3 – The Witch Elm, by Tana French (22 hours, 7 minutes) – I hadn’t realized this book was so much longer than the others. It sure felt that way. French is such a greatly admired author, I must be missing something when I find her tedious. Only after you’ve invested several hours does evidence of the crime at the book’s center emerge. Perhaps it’s a reflection of how well she wrote the dialog of twenty-something Toby and his cousins—snarky, whining, self-absorbed—or the pitch-perfect rendition narrator Paul Nugent gives it (“Toe-beeee!”), but listening to their endless talk was like fingernails on a blackboard.
There’s a buzz from just being in a room packed with crime
writers and hearing topics discussed that consume your waking brain (but are of
negligible interest to your kids, your running buddy, and pretty much anyone
else). Then there are the ideas the discussion sparks. Oh, for the luxury of
time to follow all those ideas to their dramatic conclusion and to absorb into
my bones the writing advice provided by panelists Jane Cleland, Steve Liskow,
and Hallie Ephron.
1. Themes and variations. How a case is investigated and
handled in court varies across jurisdictions. Envision a clutch of short
stories in which similar crimes have very different handling and outcomes.
2. The case of the gentleman prosecutor. When a defendant’s
mistress was about to be called to testify, the prosecutor let his wife know
she might be happier waiting in the hallway. What other courtesies might a
3. Is that your best argument? An appellate lawyer advised, “Put
your best argument first,” while people are still listening.
4. If you’re reading crime fiction to assess the state of
the market, “don’t go back farther than five years.” There was a lot of nodding
and murmured assent to the notion that Agatha Christie couldn’t get published
5. Coincidences happen in real life all the time. But in
fiction, forget it. At least, “have no more than one,” advised Hallie Ephron,
who for a similar reason nixed twins as a plot device. (We won’t mention that Louise
Penny based a plot on the Dionne quintuplets.)
6. American English is tightly connected to rhythm, said
Steve Liskow, which is why reading a manuscript aloud exposes problems in the language
that are invisible on the page. Readers will stumble over the same awkwardnesses
7. No need to write in dialect. In fact, don’t. Mention a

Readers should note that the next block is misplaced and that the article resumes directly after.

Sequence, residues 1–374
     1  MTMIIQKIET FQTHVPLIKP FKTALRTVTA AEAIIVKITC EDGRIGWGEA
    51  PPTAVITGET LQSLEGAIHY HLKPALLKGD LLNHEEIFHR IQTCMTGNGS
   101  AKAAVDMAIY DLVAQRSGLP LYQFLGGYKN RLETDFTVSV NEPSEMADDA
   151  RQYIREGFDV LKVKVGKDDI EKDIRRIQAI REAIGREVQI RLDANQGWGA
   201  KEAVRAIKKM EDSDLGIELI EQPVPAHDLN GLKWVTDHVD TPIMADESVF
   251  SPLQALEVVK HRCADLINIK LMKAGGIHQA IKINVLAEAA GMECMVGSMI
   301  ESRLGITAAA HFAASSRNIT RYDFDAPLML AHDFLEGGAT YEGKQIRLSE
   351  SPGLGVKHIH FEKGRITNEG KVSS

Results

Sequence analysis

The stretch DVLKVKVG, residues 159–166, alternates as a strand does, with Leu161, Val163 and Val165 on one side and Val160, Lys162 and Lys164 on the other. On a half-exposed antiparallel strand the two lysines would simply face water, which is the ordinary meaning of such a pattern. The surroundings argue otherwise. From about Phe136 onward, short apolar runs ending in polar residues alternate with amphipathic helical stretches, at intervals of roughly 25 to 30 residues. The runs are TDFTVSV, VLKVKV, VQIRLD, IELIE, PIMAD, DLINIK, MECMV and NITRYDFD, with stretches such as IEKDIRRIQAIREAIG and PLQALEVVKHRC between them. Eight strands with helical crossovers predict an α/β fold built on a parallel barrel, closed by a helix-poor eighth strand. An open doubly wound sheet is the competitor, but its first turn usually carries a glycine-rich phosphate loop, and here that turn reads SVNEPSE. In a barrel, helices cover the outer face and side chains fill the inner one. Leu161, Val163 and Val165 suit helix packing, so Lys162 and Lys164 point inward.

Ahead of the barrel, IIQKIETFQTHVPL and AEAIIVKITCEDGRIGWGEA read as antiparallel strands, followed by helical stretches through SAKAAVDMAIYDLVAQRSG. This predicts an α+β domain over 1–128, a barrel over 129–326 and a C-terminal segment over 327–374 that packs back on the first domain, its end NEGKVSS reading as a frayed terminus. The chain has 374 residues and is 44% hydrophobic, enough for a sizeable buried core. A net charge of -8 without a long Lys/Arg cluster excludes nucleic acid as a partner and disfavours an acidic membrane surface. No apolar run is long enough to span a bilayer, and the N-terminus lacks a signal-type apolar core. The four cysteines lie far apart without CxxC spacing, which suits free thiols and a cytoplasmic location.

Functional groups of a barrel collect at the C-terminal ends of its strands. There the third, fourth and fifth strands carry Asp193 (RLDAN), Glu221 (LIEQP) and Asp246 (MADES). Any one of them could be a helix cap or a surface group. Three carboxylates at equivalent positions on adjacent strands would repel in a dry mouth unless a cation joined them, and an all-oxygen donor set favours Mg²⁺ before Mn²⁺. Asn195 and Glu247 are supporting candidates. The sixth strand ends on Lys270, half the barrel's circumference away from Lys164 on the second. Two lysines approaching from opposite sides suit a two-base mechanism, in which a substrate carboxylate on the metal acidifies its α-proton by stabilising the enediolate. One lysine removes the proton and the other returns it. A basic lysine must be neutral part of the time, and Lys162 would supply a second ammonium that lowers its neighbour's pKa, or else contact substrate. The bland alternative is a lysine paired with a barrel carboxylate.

character’s accent once and use word choice and the rhythms of subsequent
speech to reinforce it.
8. Jane Cleland said great heroes are not afraid to act, though
the panelists agreed they have a flaw or failing that must be overcome.
9. Put the important information at the beginning or end of
a paragraph. Bury your red herrings in the middle.
10. And keynote speaker Peter Blauner repeated advice from legendary
journalist Pete Hamil: “When doing an interview, listen very carefully to the
last thing someone says to you.” You’re on your way out the door, your
interviewee’s guard is down. This could be the juicy stuff.
By Amanda Robson –The suburban London borough of Twickenham is home to the upwardly mobile young couple Faye and Phillip and their two daughters. Thirty-four year old Faye cuts a striking figure, walking the older girl to school and dropping in on the agent who occasionally finds her modeling jobs. She’s beautiful, thin, and, to all appearances, has her world well put together.
Those appearances are carefully noted by Erica, a neighbor
in a rental flat who is overweight, insecure, and has little going on in her
life. Before long, Erica’s preoccupation with Faye moves beyond watching; she
begins following her.
Divided into short chapters, the novel is told from the
alternating points of view of Erica, Faye, Faye’s husband Phillip, and their
architect friend Jonah who’s in charge of Faye and Phillip’s loft conversion.
Early on, we learn about cracks in Faye’s façade when she
visits the modeling agency and learns she’s been turned down for a job because
the client wants someone younger. At a party where she meets a top modeling
agent, he won’t even take her card. He says over-contrived looks are out of
fashion. Faye is devastated until friend Jonah appears.
In his first-person sections, Jonah makes clear his motive